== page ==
Every time I think of karaoke, I go back to the scene from the 1997 film “My Best Friend’s Wedding.” You know the one where Cameron Diaz’s character gets duped into singing a horrible rendition of “I Just Don’t Know What to Do with Myself” in a crowded bar. The plan was for her to look bad in front of her gorgeous fiance. People yell insults at her as she sings but then — only in Hollywood — the whole bar joins in the song.
Some people I know won’t do karaoke for that very reason. They are afraid the experience won’t end with a Hollywood moment, but with them as a laughing stock. Who wants to be branded as the person who couldn’t even hold a tune through Styx’s “Mr. Roboto.”
But there’s hope with Kroaky’s Karaoke — Sarasota’s first private karaoke room establishment. There, groups of two to 25 people can gather in one of 14 stylish rooms for a personal karaoke extravaganza like no other. It’s kind of like singing in someone’s living room with hundreds of songs to choose from. I’ve done plenty of living room karaoke — Nintendo Xbox style. But this is a little different and much more posh.
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Kroaky’s is a nod to the Japanese take on karaoke. Owners Mark and Mary Devlin lived in Tokyo for 18 years, experiencing the private karaoke room phenomenon.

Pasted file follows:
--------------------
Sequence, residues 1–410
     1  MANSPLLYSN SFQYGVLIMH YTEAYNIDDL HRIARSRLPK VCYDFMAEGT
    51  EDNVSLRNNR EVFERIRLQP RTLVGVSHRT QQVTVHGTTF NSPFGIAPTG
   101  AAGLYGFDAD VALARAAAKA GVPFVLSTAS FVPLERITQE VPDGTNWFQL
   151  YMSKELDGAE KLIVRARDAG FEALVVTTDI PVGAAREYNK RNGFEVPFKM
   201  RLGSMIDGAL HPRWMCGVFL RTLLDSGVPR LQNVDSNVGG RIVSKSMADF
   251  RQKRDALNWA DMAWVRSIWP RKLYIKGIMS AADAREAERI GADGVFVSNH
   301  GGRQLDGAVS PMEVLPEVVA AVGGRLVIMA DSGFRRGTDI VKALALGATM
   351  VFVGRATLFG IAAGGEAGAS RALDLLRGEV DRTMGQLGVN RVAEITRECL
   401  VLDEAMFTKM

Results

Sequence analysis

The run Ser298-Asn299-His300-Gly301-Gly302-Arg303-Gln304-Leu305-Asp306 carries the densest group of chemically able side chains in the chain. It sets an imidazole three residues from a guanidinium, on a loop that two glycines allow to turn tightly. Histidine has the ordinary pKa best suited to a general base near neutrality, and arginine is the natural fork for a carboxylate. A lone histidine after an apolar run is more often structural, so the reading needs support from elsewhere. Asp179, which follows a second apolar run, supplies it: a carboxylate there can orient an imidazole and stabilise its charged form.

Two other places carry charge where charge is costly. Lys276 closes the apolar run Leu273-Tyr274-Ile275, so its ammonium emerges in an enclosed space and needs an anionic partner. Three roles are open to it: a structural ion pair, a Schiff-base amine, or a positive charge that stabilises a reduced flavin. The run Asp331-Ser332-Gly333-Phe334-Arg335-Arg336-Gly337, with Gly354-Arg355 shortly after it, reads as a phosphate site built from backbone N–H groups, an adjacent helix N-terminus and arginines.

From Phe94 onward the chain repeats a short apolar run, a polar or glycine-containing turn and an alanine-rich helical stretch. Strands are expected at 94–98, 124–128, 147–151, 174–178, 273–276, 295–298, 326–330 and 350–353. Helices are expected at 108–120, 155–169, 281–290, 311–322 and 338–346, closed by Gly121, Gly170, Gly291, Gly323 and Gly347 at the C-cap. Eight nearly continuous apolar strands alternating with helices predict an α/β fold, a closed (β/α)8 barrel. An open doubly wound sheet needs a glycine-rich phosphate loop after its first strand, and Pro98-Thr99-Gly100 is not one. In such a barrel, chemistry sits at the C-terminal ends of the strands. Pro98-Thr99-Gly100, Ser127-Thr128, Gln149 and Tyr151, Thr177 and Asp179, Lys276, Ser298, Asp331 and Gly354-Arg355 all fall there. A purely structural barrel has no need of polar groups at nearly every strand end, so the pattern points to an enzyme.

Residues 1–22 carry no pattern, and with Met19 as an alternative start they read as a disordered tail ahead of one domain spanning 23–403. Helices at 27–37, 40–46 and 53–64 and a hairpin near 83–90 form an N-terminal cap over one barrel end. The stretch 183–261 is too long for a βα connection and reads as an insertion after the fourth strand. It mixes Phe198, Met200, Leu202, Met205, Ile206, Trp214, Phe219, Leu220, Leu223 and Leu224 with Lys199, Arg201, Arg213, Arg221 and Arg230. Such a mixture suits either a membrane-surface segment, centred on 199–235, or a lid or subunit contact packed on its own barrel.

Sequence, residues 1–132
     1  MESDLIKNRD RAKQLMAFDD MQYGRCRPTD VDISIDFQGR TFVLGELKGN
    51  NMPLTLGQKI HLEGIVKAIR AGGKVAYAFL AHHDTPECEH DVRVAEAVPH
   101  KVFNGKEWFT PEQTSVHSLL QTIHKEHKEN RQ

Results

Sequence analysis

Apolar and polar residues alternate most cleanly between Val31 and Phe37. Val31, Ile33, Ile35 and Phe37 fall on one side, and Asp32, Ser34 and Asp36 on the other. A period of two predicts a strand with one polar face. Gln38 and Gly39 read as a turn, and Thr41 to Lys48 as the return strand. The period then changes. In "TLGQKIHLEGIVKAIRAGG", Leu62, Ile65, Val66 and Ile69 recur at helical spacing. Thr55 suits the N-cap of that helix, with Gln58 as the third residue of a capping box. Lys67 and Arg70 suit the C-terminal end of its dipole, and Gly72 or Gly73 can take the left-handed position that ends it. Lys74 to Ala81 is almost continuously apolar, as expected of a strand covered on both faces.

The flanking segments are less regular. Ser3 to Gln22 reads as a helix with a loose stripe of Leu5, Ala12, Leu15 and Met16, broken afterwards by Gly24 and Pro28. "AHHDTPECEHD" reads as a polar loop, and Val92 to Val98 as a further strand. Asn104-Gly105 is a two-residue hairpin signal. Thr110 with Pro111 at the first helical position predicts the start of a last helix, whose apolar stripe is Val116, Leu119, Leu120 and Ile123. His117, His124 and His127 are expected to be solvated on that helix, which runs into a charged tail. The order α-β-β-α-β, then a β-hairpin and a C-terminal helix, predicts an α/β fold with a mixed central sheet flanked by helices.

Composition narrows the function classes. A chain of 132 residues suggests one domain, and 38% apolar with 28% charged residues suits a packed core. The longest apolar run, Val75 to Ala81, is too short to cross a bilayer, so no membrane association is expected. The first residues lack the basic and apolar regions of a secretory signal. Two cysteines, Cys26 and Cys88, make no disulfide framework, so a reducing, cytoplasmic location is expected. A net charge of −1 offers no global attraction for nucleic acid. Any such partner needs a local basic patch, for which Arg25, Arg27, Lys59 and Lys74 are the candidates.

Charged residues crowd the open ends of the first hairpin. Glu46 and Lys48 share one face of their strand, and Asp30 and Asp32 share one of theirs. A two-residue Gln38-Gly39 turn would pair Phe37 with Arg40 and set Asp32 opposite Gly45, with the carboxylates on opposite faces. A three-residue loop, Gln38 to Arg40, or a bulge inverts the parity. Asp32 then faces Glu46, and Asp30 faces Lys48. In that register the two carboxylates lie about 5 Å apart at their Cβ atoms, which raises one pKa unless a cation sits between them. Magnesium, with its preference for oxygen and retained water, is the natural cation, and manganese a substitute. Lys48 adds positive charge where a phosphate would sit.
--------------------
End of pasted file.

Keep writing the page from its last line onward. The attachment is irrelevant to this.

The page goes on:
Karaoke, which means empty orchestra, was developed in Kobe, Japan, in the 1970s, according to karaokekanta.net. By the 1980s, the concept spread around the world. There’s just something about singing, possibly the carefree nature of it all, that draws people to karaoke.
Japan’s private rooms were a hit. Mark Devlin said Asian-style karaoke was more popular than going to a movie theater.
Being a part of the action is better than watching it, so to speak.
“I think basically people like to sing,” said Mark Devlin, a former publisher who hails from Scotland. “People like to entertain outside of the home.”
Given its popularity overseas and the fact that there hasn’t been anything similar in Sarasota, the Devlins decided to give private karaoke rooms here a try. Their business has been open since November.
Kroaky’s has attracted everyone from students to retirees. Weekends are the busiest times. During the week, there’s a ladies night and a kids night.
On a recent Saturday night, 23-year-old Vera Savany, of Sarasota, came to Kroaky’s for a special family outing. It was her second visit there. Surrounded by parents, friends, aunts and uncles, she belted out a soothing rendition of Journey’s “Faithfully.”
Savany loves to sing so much that she once tried out for “American Idol.” She wasn’t picked for the show.
Savany said she wasn’t sure what to expect when she arrived with her boyfriend to find hallways full of private rooms and disco lights.
“If ‘Star Trek’ had a karaoke, this is what it would look like,” she joked.
Savany enjoys Kroaky’s over other traditional karaoke places in the area, because she doesn’t have to wait an hour to sing. Instead, she can sing as much as she likes in her own private room, which houses a quality sound system.
“It’s better than most karaoke places,” said Savany, who prefers singing songs by Journey and Prince. “Anybody can sound good.”